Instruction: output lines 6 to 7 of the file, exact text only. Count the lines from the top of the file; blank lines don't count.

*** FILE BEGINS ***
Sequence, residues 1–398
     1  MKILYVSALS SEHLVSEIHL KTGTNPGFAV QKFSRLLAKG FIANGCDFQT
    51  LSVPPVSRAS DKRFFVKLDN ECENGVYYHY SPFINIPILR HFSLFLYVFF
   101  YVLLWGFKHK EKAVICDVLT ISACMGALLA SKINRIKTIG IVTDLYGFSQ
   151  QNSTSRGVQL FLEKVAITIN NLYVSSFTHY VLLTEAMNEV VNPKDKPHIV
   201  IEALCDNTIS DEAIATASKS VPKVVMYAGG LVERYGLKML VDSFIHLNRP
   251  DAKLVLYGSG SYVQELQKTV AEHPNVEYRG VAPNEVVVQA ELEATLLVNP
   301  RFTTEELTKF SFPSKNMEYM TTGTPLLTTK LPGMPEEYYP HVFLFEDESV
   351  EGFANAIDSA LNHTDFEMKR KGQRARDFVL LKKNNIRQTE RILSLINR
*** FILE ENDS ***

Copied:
   201  IEALCDNTIS DEAIATASKS VPKVVMYAGG LVERYGLKML VDSFIHLNRP
   251  DAKLVLYGSG SYVQELQKTV AEHPNVEYRG VAPNEVVVQA ELEATLLVNP